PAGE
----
Sunday, March 18, 2012

Short Take: Take Shelter

This review was originally published on Pol Culture.

Take Shelter, written and directed by Jeff Nichols, is a potent, affecting film, but ultimately a disappointing one. Michael Shannon gives a richly felt performance as a working-class Ohio man who is faced with the onset of clinical mental illness. It begins to manifest itself in a series of nightmares: oil raining from the sky, assaults from loved ones, and apocalyptic storms. But he cannot shake the dreams after waking, and he becomes increasingly obsessed with expanding and outfitting the tornado shelter in his backyard. The film doesn’t once flinch from the real-life consequences of the character’s behavior. Nichols and Shannon take the viewer inside his terror at his psychological decline> Much of the narrative's power comes from watching him gradually undermine the various pillars of his life, including his relationships with work, friends, and family. The film’s major flaw is that it is far more intelligent than imaginative. The hallucinatory dream sequences aside, the picture feels trapped in the mundane. Nichols seems far more concerned with evoking pathos than finding poetry or catharsis in the story. The film is harrowing, but it is not especially edifying. There’s just too much angst and not enough artistry. One may feel compelled to leave before it is over. The luminous Jessica Chastain is a forceful, grounded presence as the Shannon character's wife.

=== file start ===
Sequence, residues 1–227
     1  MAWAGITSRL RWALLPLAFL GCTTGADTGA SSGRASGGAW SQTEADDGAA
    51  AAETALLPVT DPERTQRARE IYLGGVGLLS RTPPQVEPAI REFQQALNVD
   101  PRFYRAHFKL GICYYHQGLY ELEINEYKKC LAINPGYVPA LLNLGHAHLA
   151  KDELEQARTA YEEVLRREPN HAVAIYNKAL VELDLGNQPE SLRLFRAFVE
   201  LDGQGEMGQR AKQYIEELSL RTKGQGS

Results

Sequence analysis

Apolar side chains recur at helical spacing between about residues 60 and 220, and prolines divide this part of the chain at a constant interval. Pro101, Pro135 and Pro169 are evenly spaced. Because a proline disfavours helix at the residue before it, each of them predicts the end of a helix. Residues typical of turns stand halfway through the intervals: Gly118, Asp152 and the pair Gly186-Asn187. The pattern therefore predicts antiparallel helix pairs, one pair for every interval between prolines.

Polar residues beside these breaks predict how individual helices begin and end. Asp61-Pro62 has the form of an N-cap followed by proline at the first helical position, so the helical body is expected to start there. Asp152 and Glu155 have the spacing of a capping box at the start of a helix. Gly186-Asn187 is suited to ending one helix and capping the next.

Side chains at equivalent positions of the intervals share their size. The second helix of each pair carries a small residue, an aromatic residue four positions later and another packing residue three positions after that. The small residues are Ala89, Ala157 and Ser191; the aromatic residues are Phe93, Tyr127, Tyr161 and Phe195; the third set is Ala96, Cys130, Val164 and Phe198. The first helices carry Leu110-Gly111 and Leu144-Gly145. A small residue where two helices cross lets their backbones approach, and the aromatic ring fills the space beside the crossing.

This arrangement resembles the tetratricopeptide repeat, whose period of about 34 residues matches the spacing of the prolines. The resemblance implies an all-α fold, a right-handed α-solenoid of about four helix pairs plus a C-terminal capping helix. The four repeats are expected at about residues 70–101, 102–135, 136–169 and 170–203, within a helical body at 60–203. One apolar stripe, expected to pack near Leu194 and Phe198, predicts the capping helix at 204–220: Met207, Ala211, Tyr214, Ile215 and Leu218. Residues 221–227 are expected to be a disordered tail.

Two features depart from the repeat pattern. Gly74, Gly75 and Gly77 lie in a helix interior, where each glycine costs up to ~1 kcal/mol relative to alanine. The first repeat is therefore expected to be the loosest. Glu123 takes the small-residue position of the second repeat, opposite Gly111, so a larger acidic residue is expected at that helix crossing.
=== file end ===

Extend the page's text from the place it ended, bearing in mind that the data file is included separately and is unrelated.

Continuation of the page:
Friday, March 2, 2012

Short Take: Harry Potter and the Chamber of Secrets [Film 2]

This review was originally published on Pol Culture.

The screen adaptation of Harry Potter and the Chamber of Secrets, the second in J. K. Rowling’s series of Harry Potter novels, is a comedown from the first film. The director, Chris Columbus, has long had a weakness for hectic staging, overdone slapstick, and cartoonish overacting. The first third or so (almost an hour) is a Columbus film in the worst sense. The noisiness is more annoying than usual, because it undermines pleasant memories of the first film. The picture doesn’t improve much after it settles down and gets into the main story, which deals with a deadly threat to the Hogwarts School's less than full-blooded students. The screenwriter, Steve Kloves, capably streamlines the plot, and the individual scenes are deftly written. But Columbus can’t build any momentum. The various setpieces seem more about illustrating the story than telling it. The anti-bigotry theme of the original book isn’t effectively dramatized, either. It’s a toss-up whether Rupert Grint or Kenneth Branagh is the worst served among the actors. Grint’s skittish, insecure Ron Weasley was one of the more enjoyable characters in the first film; here, he’s Don Knotts as a British tween. Branagh would seem ideally cast as the showboating narcissist Gilderoy Lockhart, but the performance is painfully overscaled. He often needs a director to tell him no, and one is certainly reminded why. As for Robbie Coltrane and Emma Watson, the stand-out performers in the first film, they're not bad, but they don't make much of an impression. One is relieved when the film is over.